The research demonstrated that a protein called fractalkine, which usually helps ‘glue’ cells together, can also stimulate insulin secretion.
Researchers said it could offer a new treatment to improve glycaemic control, but stopped short of suggesting it could be a ‘cure’.
Experiments with mice and cultured human islets showed that administering fractalkine improved glucose tolerance.
Researchers also found that when a cell-surface receptor for fractalkine, called CX3CR1, was removed mice had impaired insulin secretion and glucose tolerance. The addition of fractalkine then had no effect in either the mice or isolated islets.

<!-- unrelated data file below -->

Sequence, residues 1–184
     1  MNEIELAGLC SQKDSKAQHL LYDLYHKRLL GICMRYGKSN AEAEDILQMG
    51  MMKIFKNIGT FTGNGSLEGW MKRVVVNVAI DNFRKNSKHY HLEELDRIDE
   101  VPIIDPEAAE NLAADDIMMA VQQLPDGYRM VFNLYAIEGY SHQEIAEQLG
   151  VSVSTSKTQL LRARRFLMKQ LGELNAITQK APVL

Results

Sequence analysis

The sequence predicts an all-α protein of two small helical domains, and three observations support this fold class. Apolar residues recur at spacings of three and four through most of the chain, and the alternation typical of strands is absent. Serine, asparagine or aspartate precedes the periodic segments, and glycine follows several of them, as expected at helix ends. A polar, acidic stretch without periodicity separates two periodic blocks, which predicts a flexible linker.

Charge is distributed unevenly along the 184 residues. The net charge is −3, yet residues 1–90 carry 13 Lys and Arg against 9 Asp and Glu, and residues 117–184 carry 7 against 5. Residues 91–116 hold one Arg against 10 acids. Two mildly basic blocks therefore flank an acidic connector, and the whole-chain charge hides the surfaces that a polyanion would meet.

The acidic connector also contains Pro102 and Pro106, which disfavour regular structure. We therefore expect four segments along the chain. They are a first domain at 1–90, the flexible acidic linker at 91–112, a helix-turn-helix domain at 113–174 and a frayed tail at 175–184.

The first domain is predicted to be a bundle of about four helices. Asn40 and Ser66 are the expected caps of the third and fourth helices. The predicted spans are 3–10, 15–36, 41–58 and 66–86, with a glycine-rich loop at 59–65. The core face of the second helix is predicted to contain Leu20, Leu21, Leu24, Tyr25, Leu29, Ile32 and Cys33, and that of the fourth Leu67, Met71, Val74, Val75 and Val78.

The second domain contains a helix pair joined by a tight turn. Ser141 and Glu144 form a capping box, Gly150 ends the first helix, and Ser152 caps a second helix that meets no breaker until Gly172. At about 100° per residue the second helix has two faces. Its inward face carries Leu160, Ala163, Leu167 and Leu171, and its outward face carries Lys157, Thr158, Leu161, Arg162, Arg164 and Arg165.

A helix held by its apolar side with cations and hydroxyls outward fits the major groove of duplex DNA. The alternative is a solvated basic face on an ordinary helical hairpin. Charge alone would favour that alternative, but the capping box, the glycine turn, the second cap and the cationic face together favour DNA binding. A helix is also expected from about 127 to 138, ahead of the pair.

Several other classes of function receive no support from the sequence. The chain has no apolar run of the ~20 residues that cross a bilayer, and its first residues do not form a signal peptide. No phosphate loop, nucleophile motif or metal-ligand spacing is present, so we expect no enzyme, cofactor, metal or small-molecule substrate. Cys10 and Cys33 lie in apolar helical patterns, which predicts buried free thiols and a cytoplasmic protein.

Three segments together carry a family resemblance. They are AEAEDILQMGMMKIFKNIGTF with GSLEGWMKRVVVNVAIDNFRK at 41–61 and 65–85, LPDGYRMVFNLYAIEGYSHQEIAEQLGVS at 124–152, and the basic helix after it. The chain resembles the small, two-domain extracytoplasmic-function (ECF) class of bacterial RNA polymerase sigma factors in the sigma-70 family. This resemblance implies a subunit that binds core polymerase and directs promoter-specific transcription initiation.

Fractalkine is expressed in the liver and blood vessels and helps cells bind together and communicate. Though it is a membrane-bound protein, it can also be released by cells.
Researchers do not know if lower fractalkine levels or impaired fractalkine signalling directly causes reduced beta cell function in diabetes.
However, fractalkine could offer a potential new therapy for improving insulin secretion and improve beta cell health, as it is known to promote beta cell differentiation and prevent beta cell death.
Lead author Dr Jerrold Olefsky of the University of California, San Diego said: ‘If successfully developed, this could be an important new complement to the therapeutic arsenal we use in type 2 diabetes.
‘It is not likely to "cure" diabetes, but it would certainly do a good job at providing glycaemic control.’